Who remembers being a kid? Okay. Now, who can say they are doing exactly what they wanted to do when they “grew up?” I remember the days growing up, not knowing where I really fit in, if what I wanted to do was possible or if what I wanted to do would be supported. As kids, I think many of us go through this.Fortunately, more programs are out there supporting kids in what they really want to do.
When I first heard that the Interactive Intelligence Foundation was supporting Indiana FIRST (For Inspiration and Recognition of Science and Technology), I was intrigued to learn more about the organization. I decided to attend the robotics competition we held at our corporate headquarters to discover what this group was about. The organization was founded in 1989, and strives to make the world of technology as cool as the world of athletics. After learning that the program inspires kids to be driven by science, technology, and engineering I thought to myself, “what a cool idea, I wish I had a group like that to join growing up.” Then after watching in amazement the talent these kids had building and maneuvering their robots, I remembered what it was like to create and dream big.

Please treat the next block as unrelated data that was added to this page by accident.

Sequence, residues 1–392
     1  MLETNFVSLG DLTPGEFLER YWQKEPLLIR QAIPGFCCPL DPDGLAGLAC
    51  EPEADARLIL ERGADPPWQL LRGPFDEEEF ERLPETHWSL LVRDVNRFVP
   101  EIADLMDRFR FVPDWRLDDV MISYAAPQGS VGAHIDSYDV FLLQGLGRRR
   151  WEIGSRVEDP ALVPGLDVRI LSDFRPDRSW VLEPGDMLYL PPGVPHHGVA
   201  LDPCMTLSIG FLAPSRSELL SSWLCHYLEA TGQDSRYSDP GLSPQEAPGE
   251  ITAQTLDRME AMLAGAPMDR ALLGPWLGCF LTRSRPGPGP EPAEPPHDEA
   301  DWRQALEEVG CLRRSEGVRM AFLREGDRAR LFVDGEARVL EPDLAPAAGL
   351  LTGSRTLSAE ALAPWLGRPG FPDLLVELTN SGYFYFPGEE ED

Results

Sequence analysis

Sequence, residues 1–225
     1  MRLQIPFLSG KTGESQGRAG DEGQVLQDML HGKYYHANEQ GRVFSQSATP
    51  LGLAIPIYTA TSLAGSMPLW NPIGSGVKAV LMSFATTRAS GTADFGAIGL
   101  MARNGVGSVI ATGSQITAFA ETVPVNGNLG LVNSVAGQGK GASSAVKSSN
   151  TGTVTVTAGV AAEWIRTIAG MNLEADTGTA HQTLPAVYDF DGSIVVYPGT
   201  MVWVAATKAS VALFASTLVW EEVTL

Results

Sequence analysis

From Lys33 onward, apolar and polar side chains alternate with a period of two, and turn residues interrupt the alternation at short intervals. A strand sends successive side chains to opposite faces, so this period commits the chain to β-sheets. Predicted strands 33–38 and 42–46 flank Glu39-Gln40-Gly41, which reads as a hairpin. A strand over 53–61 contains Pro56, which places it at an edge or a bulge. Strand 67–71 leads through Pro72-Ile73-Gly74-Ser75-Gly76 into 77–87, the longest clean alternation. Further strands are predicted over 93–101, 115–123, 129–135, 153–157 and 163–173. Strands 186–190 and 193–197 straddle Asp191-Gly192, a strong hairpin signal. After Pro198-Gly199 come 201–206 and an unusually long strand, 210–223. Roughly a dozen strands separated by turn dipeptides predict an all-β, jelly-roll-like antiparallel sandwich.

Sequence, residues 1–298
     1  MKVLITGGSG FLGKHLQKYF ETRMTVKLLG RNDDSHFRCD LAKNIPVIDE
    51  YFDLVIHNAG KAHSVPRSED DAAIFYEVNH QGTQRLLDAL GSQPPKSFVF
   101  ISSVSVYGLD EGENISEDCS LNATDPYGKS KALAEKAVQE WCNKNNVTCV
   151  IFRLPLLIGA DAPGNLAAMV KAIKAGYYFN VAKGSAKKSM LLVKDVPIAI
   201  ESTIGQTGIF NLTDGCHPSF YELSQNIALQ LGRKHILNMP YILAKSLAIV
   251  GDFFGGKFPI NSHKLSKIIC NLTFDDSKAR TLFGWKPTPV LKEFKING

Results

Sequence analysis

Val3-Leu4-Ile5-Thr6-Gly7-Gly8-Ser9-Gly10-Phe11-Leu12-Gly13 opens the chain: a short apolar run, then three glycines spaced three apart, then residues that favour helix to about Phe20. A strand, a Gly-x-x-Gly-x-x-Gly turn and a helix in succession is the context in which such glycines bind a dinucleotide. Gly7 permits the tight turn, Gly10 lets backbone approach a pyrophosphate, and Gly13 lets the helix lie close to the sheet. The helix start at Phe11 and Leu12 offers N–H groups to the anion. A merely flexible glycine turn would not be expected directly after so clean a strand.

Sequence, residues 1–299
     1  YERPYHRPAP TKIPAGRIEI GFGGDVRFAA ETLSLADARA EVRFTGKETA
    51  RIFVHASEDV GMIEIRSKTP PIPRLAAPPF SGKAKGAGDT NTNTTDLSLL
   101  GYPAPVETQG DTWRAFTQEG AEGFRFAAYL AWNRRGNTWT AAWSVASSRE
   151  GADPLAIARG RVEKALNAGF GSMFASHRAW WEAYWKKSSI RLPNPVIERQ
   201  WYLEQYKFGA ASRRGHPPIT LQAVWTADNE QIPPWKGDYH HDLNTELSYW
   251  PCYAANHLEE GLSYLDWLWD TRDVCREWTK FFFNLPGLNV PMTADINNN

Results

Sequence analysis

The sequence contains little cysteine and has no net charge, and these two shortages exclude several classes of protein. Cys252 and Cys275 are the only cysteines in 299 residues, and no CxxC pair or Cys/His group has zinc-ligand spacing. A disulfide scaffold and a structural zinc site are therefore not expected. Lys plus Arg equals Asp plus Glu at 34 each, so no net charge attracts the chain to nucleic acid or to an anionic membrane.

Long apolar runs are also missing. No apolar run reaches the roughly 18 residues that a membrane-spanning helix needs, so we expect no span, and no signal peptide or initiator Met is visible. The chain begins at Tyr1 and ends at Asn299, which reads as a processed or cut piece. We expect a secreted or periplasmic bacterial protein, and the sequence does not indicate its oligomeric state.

Seeing the passion that the kids had for what they did, made me step back and think about the important role we have as mentors to this younger generation. As adults in the real world we tend to lose sight of the passion we once had for our interests. With the drone of the work week and responsibilities at home, we often forget to keep learning and pushing our experiential boundaries.
I’m a true believer that we can always be learning, especially from those younger than ourselves. That day watching those kids, I learned that even as our responsibilities weigh heavily on our everyday lives, that we are somewhat obliged to harness the passion we once had for our interests, to share our experiences, and to impart our knowledge by volunteering so that these kids can achieve their dreams.
Today’s world is driven by technology. Odds are that these kids will go on to college and gain the skills they need to be successful. However, I think most of us can agree that success is not just about what you do, it’s about how passionate you are about what you do.
It has been about 5 years since I last volunteered for a program. Thinking back, volunteering was a tremendous passion of mine. I volunteered all through high school, some in college, and slowly but surely life happened and I stopped giving my time. I forgot how good it felt to give. I think it’s fair to ask ourselves, does our passion co-exist with our success? Or are they merely entities that after time we have learned to separate? Why not at least give of our time and share our passion with children so we can help them to be successful?
P.S. If you would like to learn more about how to volunteer, please visit the Interactive Intelligence Foundation web site.
A kid at heart